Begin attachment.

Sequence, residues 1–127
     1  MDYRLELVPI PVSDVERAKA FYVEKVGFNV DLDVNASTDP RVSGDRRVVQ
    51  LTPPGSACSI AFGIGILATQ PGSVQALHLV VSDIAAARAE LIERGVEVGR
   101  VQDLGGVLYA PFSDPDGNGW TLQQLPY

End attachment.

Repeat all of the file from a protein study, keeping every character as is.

Sequence, residues 1–127
     1  MDYRLELVPI PVSDVERAKA FYVEKVGFNV DLDVNASTDP RVSGDRRVVQ
    51  LTPPGSACSI AFGIGILATQ PGSVQALHLV VSDIAAARAE LIERGVEVGR
   101  VQDLGGVLYA PFSDPDGNGW TLQQLPY